CLI Commands

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The following FreeBSD commands (or any UNIX friendly platform) can be run in a different way in Junos OS with equivalent, or near equivalent results. More extensive use of operators and their differences are left up to the user. It is assumed that the user has some background with FreeBSD or other UNIX friendly platforms, and is already familiar with common shell commands. This article provides an alternative to using the shell.

ls(1) - List directory contents.

lab@cli> file list <detail> <path>
The -l switch for ls is the detail knob for file list. Path supports command-line globbing, but accepts only one parameter.

tail(1) - Output the last part of files.

lab@cli> show log messages | last 10
The -n switch is handled by specifying a number. Otherwise, the default is about 10 lines (like tail).

To emulate the -f switch of tail (follow), use the monitor start <file> command. This is similar to tail -f <file> &. Only new lines will be displayed. Stop all output with monitor stop.

w(1) - See who is logged in and what they are doing.

lab@cli> show system users
ps(1) - Show current processes.

lab@cli> show system processes
kill(1) - Send a signal to a process.

lab@cli> restart <service|feature>
This is less like kill, but more like issuing a restart of an init script. This controls how aggressively the service or feature is restarted.

uptime(1) - Tell how long the system has been running.

lab@cli> show system uptime
Some Juniper products have distributed processing, so other components may have their own individual uptime that is separate from the system uptime shown by the CLI.

df(1) - File system disk space usage

lab@cli> show system storage
ifconfig(1) - Interface settings

lab@cli> show interfaces
Changing the way the interface is configured is primarily in [edit interfaces] of the configuration hierarchy.

route(8) - Show and manipulate the routing table.

lab@cli> show route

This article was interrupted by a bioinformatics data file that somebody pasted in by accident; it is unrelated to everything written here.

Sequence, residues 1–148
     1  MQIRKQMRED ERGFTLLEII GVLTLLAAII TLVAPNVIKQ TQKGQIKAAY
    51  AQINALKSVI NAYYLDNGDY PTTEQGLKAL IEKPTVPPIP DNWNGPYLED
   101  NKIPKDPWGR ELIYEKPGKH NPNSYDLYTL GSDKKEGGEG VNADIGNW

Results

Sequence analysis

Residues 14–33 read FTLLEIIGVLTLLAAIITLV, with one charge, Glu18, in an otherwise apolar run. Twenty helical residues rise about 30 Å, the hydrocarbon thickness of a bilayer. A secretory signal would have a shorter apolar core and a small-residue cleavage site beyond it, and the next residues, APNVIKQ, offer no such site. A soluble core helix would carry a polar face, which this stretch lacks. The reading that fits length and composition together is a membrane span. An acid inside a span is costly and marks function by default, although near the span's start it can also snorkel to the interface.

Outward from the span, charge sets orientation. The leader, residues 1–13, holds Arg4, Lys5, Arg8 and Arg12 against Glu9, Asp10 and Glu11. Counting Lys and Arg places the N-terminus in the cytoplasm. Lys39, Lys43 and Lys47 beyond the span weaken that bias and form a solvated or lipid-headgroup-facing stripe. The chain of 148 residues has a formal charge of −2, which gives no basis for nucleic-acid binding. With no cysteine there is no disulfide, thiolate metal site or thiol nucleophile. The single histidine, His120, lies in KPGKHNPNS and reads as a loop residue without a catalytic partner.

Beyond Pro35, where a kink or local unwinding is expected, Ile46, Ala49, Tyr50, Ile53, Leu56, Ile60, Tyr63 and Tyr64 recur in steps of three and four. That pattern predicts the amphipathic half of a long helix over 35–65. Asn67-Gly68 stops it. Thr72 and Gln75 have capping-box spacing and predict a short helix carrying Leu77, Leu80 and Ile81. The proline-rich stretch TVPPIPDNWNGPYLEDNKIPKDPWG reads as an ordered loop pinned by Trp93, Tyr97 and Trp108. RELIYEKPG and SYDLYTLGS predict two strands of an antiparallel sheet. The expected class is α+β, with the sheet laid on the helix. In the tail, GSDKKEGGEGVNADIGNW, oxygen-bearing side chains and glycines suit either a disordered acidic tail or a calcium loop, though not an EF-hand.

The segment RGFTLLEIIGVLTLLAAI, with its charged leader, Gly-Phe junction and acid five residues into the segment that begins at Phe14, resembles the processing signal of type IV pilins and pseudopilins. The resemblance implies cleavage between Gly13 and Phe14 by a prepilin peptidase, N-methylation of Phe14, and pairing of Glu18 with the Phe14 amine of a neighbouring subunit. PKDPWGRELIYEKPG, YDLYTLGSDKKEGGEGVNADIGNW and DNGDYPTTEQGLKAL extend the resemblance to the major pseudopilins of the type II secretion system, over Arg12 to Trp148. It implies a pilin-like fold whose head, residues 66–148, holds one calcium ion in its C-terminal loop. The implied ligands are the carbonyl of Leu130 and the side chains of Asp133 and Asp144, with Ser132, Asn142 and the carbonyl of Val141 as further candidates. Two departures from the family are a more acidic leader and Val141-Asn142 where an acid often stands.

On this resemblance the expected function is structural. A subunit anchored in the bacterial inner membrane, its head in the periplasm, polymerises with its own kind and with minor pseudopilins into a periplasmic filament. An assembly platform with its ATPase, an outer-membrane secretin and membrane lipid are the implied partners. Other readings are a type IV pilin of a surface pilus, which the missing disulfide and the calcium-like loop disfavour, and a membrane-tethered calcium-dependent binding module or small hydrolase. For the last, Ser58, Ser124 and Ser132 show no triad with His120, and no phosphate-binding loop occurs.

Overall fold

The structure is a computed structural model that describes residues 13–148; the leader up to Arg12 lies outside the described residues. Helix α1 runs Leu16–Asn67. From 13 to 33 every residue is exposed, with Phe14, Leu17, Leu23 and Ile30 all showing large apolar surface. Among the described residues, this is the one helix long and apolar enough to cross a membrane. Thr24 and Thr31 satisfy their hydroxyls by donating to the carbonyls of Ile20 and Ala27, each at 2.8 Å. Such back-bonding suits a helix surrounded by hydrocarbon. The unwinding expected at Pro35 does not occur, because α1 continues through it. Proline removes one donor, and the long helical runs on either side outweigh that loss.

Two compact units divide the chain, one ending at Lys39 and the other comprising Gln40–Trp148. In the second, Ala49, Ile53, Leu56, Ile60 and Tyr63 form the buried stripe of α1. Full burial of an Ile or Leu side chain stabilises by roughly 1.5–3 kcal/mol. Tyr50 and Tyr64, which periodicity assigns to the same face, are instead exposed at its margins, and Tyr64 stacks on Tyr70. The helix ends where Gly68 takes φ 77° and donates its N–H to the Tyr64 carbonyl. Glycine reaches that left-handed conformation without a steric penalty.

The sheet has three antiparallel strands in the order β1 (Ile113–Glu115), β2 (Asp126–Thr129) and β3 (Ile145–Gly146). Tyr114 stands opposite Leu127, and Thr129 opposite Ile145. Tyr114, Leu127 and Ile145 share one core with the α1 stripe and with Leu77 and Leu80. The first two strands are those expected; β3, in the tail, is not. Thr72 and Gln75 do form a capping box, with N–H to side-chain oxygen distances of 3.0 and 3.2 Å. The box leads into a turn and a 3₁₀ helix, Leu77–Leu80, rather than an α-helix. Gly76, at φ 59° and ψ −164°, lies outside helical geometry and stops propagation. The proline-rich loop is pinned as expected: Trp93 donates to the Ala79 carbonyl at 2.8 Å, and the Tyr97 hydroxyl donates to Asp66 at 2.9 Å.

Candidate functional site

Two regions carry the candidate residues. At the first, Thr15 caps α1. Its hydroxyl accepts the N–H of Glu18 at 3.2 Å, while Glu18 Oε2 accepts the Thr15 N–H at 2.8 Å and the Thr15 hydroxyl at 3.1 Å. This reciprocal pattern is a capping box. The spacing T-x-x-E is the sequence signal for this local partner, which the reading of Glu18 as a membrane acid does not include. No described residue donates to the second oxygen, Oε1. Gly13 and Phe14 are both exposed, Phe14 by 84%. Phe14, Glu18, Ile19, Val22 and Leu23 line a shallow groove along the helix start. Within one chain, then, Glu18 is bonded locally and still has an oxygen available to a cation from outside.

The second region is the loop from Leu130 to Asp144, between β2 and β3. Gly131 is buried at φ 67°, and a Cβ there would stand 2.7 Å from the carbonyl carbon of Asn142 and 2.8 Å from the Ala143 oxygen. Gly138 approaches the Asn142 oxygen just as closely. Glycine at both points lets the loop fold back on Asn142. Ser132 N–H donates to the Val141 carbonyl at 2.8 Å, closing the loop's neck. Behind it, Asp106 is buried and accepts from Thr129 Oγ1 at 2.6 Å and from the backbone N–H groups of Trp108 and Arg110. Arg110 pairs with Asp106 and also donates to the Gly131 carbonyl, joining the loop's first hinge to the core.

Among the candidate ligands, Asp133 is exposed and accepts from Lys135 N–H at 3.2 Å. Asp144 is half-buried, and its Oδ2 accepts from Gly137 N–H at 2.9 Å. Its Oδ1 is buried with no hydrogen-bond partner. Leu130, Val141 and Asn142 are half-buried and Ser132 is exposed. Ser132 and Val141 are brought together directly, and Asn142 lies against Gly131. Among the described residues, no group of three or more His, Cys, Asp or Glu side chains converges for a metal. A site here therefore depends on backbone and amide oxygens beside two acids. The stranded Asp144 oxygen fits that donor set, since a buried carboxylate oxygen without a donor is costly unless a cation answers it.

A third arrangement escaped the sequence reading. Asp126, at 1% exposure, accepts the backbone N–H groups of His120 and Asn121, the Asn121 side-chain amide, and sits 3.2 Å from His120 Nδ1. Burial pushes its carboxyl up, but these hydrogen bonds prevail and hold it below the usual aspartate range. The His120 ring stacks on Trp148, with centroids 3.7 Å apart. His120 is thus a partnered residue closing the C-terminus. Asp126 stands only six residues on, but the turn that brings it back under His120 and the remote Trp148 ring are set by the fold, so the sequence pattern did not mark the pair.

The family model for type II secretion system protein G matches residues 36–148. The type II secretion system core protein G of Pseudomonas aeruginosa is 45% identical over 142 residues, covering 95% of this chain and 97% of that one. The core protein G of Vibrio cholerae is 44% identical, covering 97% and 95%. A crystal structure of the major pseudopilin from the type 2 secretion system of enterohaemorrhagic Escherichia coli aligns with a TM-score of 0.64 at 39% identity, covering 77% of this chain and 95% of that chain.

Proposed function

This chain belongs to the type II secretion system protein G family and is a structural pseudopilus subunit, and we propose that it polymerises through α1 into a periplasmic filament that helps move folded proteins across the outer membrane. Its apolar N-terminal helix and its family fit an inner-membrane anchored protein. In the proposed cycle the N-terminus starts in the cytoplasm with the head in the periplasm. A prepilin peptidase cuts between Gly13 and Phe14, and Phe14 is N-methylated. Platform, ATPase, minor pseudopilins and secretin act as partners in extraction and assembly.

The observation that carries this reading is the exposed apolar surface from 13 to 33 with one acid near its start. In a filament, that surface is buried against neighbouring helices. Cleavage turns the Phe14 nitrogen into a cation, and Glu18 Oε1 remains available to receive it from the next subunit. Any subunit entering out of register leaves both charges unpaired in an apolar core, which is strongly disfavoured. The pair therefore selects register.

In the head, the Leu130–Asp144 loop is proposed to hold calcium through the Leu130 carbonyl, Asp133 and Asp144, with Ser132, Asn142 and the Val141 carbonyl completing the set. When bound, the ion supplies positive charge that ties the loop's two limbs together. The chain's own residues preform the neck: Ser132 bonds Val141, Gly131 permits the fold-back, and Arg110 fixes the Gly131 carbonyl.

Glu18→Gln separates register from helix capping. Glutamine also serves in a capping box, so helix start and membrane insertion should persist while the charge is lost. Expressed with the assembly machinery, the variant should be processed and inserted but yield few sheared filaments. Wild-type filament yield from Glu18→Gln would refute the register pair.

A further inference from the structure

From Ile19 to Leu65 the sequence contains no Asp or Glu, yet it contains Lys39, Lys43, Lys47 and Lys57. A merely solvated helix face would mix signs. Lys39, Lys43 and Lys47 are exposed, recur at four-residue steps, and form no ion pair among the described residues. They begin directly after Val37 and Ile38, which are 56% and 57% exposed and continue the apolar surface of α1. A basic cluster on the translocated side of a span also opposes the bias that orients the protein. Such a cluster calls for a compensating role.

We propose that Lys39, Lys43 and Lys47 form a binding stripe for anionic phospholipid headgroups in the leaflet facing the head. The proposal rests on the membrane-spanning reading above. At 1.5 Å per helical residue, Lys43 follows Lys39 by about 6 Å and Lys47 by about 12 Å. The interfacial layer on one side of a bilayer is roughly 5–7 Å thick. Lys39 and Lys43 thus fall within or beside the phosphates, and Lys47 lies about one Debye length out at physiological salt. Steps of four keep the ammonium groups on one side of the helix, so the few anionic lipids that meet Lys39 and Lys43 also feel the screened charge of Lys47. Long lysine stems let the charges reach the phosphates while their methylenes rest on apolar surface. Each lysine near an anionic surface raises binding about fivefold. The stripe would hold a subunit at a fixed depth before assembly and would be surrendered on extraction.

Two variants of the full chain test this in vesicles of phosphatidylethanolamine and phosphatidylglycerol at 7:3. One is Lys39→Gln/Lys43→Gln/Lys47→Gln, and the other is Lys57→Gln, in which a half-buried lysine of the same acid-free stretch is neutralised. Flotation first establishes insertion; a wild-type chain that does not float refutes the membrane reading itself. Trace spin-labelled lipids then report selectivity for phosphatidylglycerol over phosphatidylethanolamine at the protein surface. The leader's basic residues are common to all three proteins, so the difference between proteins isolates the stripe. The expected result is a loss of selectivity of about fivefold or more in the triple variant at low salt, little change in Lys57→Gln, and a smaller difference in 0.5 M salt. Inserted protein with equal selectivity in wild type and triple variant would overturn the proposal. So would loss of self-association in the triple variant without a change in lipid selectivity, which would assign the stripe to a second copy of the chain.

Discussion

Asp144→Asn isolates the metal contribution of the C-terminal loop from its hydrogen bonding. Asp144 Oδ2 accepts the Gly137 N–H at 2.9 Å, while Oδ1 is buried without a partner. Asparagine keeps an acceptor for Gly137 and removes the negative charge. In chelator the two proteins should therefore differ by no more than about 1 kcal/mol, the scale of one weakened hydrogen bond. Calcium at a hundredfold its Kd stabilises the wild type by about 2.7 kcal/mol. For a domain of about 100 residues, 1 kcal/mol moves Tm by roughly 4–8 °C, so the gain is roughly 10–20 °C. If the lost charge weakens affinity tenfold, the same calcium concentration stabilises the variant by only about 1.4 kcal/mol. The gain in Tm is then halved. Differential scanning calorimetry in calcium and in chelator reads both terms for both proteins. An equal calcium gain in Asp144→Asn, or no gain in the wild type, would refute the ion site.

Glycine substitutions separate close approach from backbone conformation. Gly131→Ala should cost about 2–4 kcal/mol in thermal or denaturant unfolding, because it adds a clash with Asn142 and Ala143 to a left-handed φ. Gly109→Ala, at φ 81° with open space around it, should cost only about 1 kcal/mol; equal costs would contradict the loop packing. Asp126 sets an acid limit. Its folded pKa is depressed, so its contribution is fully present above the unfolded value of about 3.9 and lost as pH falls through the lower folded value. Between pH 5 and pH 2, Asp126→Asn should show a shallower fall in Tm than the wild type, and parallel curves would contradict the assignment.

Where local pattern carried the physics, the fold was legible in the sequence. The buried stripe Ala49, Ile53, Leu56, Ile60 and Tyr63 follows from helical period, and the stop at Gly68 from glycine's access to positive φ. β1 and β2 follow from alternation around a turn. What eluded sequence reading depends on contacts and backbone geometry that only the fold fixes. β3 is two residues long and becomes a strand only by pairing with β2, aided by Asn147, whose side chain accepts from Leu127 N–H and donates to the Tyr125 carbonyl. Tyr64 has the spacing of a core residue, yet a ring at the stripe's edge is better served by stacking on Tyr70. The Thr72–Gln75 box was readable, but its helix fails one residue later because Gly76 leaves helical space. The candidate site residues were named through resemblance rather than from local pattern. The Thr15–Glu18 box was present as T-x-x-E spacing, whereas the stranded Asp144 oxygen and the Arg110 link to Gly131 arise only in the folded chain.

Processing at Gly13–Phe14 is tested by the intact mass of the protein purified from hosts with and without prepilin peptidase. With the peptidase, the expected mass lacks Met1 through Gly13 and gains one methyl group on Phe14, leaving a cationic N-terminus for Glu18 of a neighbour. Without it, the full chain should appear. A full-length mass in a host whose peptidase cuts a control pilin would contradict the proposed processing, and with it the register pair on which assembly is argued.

Again, operational commands display only the current state of available information. Modification to routing should be done in configuration mode. This is beyond the scope of this article.

cp(1) - Copy files.

lab@cli> file copy <source> <destination>
The source and destination support different styles of URLs. Files can be copied to and from reachable FTP, HTTP, HTTPS and SCP servers to name a few.

rm(1) - Remove files.

lab@cli> file delete <path>
File globbing and multi level file globbing are permitted. However, only one path may be provided. Globbing here should be used with care.

lab@cli> file delete october*.conf  will delete files with october at the beginning of the name and with .conf at the end.

shred(1) - Overwrite file contents.

For the truly paranoid, you can blank out the file before it is erased. This prevents recovery of the file contents with third-party recovery methods or tools.

lab@cli> file delete <path> purge

lab@cli> file delete super-top-secret.conf purge
mv(1) - Move a file.

lab@cli> file rename <source> <destination>
cat(1) - Concat files.

lab@cli> file show <path>
netstat(8) - Show network connections.

lab@cli> show system connections
history - Shell internal command to display recently used commands

lab@cli> show cli history
Setting $TERM, $COLUMNS, $LINES - termcap(5) and screen dimensions

Some shells use only $TERM to control the termcap(5). This allows better handling of the terminal when using the CLI from a serial console. Use show cli to review current settings.

apropos(1) - Search man page names and contents.

lab@cli> help apropos <something>
diff(1) - Compare files.

lab@cli> file compare <onefile> <nextfile>
Similar to diff -u

grep(1) - Match lines by regular expression.

Not case sensitive, and less features than grep (more like grep -i and grep -F)

lab@cli> show interfaces extensive | match alarm
less(1) - Pager with more features than more(1)

Some keystrokes, / G n N and so on, are the same. Not case sensitive. The first match will be alarm in the output, with the ability to scroll back or to the next entry.

lab@cli> show interfaces extensive | find alarm